Huntsville, Ala. (WAFF) – Two local nonprofits are working to meet the medical needs of the underprivileged in the Rocket City.
Members of Thrive Alabama and United Cerebral Palsy (UCP) Huntsville told city council members how they plan to achieve those goals at the city council meeting.
UCP CEO Cheryl Smith said the company is asking the city for $25,000 to hire a full-time Spanish-speaking coordinator to connect health services to Hispanic communities.
“Many different cultures have their own barriers and difficulties in accessing services,” Smith said, “and because of that, they are often reluctant to seek outside services.”
A new outreach coordinator can go to different Spanish-speaking businesses, schools, or churches to help bridge the gap between languages and cultures.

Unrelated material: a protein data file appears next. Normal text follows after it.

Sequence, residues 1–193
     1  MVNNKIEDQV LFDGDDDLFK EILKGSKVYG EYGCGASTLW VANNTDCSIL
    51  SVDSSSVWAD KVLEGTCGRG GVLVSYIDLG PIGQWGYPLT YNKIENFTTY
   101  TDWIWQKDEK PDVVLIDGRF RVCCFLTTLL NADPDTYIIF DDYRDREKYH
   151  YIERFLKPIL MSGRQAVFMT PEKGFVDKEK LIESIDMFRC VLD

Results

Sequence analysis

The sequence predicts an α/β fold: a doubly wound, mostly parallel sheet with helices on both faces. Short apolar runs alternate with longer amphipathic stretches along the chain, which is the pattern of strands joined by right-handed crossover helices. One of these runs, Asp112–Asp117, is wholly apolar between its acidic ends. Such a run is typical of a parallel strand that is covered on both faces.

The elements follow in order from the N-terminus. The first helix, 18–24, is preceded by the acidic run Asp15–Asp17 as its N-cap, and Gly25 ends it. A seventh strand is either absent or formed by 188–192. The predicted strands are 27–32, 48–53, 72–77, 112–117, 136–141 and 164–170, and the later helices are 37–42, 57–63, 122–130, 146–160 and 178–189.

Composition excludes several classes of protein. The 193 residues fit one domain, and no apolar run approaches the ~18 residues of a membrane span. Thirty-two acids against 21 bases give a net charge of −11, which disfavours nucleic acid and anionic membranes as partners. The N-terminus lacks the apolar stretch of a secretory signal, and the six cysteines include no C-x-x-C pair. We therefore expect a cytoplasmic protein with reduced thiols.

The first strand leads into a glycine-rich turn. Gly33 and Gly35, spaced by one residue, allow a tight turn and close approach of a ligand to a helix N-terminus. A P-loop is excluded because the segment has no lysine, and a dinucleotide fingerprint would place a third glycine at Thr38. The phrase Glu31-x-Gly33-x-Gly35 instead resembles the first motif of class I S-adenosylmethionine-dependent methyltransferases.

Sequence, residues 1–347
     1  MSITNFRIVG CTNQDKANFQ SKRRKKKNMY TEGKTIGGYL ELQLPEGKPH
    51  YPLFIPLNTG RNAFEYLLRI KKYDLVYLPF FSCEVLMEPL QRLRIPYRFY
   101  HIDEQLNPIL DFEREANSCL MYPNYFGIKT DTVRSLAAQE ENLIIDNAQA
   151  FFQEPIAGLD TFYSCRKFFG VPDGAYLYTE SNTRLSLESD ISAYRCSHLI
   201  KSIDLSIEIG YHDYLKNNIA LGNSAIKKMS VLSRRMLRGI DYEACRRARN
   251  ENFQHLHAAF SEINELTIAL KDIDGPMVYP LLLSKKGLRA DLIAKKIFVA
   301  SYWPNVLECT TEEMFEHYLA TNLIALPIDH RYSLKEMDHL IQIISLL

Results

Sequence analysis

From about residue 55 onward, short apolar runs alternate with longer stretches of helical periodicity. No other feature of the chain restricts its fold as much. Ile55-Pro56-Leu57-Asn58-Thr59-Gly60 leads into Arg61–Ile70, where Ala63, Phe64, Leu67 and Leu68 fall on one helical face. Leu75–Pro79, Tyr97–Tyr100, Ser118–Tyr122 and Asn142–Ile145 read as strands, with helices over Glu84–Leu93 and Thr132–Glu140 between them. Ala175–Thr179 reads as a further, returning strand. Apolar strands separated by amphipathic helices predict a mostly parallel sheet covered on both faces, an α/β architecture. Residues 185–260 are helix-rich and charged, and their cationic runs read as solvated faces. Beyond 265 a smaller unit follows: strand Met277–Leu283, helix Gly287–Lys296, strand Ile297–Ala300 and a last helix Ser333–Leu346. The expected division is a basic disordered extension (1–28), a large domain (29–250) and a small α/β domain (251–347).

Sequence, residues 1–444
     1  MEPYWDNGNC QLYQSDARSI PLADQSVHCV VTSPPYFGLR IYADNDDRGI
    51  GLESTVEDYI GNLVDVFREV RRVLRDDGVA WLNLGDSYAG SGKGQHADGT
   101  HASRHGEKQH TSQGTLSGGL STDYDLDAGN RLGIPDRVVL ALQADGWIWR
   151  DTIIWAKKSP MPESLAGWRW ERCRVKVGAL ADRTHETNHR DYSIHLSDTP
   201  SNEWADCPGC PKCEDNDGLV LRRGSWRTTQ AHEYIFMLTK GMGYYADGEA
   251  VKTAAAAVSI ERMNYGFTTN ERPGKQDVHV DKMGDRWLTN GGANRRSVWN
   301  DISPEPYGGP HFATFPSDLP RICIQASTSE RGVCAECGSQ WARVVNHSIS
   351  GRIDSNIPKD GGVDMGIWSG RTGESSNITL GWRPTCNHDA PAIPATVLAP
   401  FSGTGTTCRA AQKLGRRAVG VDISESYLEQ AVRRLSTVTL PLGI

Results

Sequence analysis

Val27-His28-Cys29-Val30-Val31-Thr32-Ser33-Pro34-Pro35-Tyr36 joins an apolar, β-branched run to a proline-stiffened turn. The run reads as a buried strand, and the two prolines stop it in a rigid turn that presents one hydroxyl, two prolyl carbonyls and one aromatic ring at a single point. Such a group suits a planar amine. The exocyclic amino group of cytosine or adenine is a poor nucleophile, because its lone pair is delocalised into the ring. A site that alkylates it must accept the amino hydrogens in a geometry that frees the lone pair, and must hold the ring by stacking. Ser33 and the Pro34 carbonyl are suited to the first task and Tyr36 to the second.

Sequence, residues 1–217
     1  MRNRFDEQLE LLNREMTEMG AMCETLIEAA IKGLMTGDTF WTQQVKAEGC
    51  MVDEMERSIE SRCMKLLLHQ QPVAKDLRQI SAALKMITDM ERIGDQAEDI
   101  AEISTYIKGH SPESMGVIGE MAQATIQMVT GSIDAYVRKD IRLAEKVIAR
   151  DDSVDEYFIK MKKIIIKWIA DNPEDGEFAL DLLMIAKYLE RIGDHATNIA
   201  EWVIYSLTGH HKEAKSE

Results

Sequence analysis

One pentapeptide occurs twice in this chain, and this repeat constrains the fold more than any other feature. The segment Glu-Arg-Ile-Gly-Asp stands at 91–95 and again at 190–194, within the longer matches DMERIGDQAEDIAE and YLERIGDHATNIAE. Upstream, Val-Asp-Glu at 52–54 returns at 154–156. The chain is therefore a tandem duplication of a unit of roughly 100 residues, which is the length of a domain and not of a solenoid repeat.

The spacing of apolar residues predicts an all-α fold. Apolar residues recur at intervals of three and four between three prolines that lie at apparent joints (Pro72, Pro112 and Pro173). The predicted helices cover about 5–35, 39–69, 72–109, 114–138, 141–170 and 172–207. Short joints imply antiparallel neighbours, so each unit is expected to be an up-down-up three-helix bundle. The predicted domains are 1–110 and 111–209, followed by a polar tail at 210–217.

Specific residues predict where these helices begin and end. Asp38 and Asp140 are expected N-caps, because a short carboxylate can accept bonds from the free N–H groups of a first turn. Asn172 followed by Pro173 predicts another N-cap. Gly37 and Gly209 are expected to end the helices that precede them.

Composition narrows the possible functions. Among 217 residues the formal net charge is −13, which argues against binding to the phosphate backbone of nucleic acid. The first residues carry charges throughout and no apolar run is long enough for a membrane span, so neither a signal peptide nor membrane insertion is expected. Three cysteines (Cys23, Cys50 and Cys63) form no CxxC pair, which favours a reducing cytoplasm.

Thrive Alabama CEO Mary Marr said the company raised $3 million for the 72,000-square-foot facility. health center north of Huntsville, but wants to claim the $2.1 million the city received from a recent opioid settlement.
Marr said the company recently purchased 13 acres of land at Oakwood Avenue and Washington Street for development to let people know it’s serious about improving the community.
“I believe that health care is a right, it’s not a benefit in this country,” Marr said, “We’re the richest country in the world, but we have people who don’t have health care. They have health care.”
Voting for the UCP coordinator will take place in September and, if approved, will begin on October 1.
Once the company secures the necessary funding, the new medical facility should be completed within 14 to 18 months, Marr said.
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